Part solid nodule.
- Pleural retraction is far more common in cancers. It is the pulling of visceral pleura towards the nodule.
Nodule with pleural retraction.
In this case, pleural retraction is seen as a triangular fat component.
- A lung nodule abutting a pulmonary cyst is a rare finding, yet indicating cancer.
- Bubble-like lucencies in the nodule indicate cancer:
- Vascular convergence is where vessels converge to a nodule without adjoining or contacting the edge of the nodule, and is mainly seen in peripheral subsolid lung cancers. It reflects angiogenesis.
Air bronchograms is defined as a pattern of air-filled bronchi on a background of airless lung, and may be seen in both benign and malignant nodules, but certain patterns thereof may help in risk stratification.
CT densitometry, measuring absolute attenuation on the Hounsfield scale, has low sensitivity and specificity and is not routinely employed, apart from helping to distinguish solid from ground glass lesions, and to confirm visible fatty areas or calcifications.
A diagnostic workup can include a variety of scans and biopsies.
Nodular density is used to distinguish larger lung tumors, smaller infiltrates or masses with other accompanying characteristics. An often used formal radiological definition is the following: a single lesion in the lung completely surrounded by functional lung tissue with a diameter less than 3 cm and without associated pneumonia, atelectasis (lung collapse) or lymphadenopathies (swollen lymph nodes).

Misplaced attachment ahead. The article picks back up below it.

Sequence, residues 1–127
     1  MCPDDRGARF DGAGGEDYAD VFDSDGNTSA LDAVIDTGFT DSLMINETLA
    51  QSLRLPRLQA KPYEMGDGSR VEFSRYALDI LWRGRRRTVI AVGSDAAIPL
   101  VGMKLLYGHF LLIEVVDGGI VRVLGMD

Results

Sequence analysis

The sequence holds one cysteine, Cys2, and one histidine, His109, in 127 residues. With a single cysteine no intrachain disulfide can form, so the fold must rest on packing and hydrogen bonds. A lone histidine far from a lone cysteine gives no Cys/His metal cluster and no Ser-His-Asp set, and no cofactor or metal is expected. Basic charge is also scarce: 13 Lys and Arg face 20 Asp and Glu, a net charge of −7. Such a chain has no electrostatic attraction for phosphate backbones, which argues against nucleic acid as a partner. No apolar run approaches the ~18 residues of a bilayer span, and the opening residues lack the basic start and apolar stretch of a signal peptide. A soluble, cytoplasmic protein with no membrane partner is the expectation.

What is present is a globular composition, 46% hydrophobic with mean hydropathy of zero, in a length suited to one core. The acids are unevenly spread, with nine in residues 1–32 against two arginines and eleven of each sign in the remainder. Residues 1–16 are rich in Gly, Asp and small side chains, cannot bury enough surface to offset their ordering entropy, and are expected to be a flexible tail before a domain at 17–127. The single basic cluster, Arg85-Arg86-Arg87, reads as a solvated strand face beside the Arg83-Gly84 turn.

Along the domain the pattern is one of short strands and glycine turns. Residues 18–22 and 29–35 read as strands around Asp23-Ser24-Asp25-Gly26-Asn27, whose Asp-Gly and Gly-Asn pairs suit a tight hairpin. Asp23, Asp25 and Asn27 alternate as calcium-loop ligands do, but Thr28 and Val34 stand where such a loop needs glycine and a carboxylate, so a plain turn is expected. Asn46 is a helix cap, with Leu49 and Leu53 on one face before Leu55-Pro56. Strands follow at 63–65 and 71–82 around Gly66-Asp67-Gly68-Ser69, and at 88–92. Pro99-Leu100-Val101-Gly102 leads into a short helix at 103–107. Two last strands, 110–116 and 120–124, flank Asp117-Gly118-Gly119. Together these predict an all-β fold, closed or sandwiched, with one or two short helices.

For incidentally detected nodules on CT scan, Fleischner Society guidelines are given in table below. For multiple nodes, management is based on the most suspicious node. These guidelines do not apply in lung cancer screening, in patients with immunosuppression, or in patients with known primary cancer.
|<6 mm (<100mm3)||6-8mm (100-250mm3)||>8mm (>250mm3)|
|Low risk||No routine follow-up||CT after 6–12 months, then consider CT after 18–24 months||Consider CT at 3 months, PET-CT or biopsy|
|High risk||Optionally, CT after 12 months||CT after 6–12 months, then after 18–24 months|
|Low risk||No routine follow-up||CT after 3–6 months, then consider CT after 18–24 months|
|High risk||Optionally CT after 12 months||CT after 3–6 months, then after 18–24 months|
|Total size <6 mm (<100mm3)||Total size >6mm (>1003)|